I adamantly believe that B.o.B has two pop-rap classics under his belt with the one-two punch of “Nothin’ On You” and “Airplanes”. The latter of which peaked at number 2 on the Billboard Hot 100, while the former reached number 1 in numerous countries worldwide. A year prior to this, in 2009, B.o.B was featured on the 2009 XXL Freshman List with then newcomers such as Kid Cudi and Wale. A year later, at the start of 2010, he was 9th on MTV’s (then) prestigious ‘Hottest MCs in the Game’ list. His buzz was so immense he opened for Eminem and Jay Z for their ‘The Home & Home Tour’. By the end of the year his debut album, The Adventures of Bobby Ray hit 2x Platinum and B.o.B became one of the biggest rookies in rap. His career had nowhere to go but up. So how did he go from having so much potential, to receiving little to no fanfare when his “final” album NAGA came out this month?
What ever happened to B.o.B, he once was my favourite
I swear to God that I had all of his mixtapes on my playlist
He was hood, but so different at the same time
It was like a breath of fresh air, every time he rhymed
And everybody was on him and the world fell in love
The girls, the money, the lifestyle, all the above
I guess he’s stopped giving a fuck for all of his little people
– B.o.B “Where Are You? (B.o.B vs Bobby Ray)”
He claimed that his personality on the mic is split into two personalities – B.o.B and Bobby Ray. Bobby Ray the “rock star” dabbled in pop-rap, where his charm and unassuming voice lent to his universal appeal with his light yet surprisingly memorable songwriting. This side of him turned him into the international pop-star that he is today. On the other hand, B.o.B the “rapper” embraces the drug-filled women-loving lifestyle of the stereotypical street rapper. The side that gave him the credibility needed to be seen as a legitimate talent as he rose to fame. The start of his mainstream career became a tightrope act between the two and he did it rather amicably.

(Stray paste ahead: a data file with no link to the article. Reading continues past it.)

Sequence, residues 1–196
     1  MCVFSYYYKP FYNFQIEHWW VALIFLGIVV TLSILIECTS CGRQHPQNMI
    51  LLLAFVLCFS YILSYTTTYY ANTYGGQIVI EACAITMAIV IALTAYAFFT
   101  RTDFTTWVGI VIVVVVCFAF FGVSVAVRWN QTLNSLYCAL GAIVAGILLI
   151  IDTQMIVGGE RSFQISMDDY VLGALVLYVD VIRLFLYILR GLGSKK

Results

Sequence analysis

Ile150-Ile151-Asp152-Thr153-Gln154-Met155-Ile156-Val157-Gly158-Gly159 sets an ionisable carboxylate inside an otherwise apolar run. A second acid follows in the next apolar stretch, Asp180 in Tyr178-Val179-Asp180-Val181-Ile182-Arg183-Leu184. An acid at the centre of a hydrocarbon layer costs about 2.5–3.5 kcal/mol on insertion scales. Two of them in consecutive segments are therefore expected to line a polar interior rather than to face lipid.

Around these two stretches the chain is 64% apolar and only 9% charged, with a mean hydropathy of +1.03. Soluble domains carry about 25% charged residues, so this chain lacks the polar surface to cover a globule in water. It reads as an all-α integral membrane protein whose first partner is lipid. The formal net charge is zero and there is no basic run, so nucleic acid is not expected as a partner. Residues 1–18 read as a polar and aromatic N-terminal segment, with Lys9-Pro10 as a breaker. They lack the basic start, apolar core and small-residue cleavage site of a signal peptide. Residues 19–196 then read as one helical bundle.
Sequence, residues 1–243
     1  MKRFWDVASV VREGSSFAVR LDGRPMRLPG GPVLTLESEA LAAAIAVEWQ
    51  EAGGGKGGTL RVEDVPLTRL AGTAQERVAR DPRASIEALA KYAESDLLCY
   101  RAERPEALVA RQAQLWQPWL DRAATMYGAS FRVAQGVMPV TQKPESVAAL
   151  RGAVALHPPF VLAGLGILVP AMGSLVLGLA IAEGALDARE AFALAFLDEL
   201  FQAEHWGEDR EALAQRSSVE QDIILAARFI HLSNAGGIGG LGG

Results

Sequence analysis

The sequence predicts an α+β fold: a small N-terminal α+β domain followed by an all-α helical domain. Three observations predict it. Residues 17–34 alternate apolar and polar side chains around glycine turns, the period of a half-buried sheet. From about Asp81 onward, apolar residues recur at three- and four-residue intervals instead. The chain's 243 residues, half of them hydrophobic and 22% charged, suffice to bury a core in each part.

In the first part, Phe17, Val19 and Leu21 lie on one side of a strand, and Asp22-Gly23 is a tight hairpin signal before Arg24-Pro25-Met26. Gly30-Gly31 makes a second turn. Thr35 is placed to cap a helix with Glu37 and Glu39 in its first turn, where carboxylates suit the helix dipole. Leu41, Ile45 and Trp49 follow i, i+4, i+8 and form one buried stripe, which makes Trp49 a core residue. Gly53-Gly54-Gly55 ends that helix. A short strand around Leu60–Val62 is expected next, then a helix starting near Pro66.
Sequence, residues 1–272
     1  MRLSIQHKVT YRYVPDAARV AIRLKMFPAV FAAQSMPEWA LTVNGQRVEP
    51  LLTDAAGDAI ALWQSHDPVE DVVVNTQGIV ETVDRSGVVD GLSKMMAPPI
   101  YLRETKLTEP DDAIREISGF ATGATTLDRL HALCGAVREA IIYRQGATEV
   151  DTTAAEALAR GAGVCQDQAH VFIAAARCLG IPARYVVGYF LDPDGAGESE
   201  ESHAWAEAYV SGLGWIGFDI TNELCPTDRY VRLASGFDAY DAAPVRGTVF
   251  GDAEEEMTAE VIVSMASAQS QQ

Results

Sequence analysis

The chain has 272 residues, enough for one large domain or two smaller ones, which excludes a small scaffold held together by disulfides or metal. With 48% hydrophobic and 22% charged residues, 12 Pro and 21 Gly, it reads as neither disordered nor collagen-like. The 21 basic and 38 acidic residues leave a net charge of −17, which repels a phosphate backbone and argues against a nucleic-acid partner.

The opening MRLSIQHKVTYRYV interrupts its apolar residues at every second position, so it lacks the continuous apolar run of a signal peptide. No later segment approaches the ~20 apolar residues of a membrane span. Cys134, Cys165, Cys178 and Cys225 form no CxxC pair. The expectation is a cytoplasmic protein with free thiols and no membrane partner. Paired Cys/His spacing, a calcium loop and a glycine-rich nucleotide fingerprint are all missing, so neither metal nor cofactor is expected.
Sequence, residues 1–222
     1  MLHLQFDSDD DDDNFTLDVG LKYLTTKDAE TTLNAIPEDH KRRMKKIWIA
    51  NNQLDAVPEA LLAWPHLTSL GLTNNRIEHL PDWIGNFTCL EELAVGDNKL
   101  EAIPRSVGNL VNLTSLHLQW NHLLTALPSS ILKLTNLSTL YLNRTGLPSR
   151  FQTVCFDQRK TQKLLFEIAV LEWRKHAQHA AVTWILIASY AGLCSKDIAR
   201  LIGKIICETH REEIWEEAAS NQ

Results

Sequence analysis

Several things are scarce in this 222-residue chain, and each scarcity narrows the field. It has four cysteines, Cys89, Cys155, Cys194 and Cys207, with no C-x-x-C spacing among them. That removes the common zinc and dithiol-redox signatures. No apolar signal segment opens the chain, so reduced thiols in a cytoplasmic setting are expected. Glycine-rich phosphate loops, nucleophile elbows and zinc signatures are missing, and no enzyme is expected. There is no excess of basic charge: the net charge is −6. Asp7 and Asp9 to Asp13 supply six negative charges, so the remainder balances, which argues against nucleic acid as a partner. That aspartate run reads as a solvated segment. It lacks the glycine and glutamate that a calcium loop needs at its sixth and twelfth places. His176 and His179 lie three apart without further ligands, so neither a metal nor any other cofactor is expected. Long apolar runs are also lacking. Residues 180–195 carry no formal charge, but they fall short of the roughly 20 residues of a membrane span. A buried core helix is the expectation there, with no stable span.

However, one facet of him stood out like a sore thumb and that was his lesser known third personality, the conspiracy theorist.
Having anti-establishment views isn’t exactly a new trend within the music scene, let alone the rap industry, just look at Lupe Fiasco or Immortal Technique. Still, B.o.B took it a tad bit too far. His early music championed free speech and unrestricted thinking, adamant that bigger forces were out to get him and silence his opinions. Seeing himself as a solitary leader that had to rally people to his cause, his message was clear and surprisingly potent (at the time).
Sayin’ every rapper is in the freemasons
While the cops giving out free mace to your face
Now how do that taste? I’m outta my mind
These videos tellin’ y’all lies, bruh
Tellin’ y’all we holding evil hand-signs, bruh
Last time I checked I’m from the Eastside, bruh
So do your research and make your own mind up
’Cause us musicians have influence on this mic
But they don’t like that, so they conquer and divide
– B.o.B “The Watchers” (2010)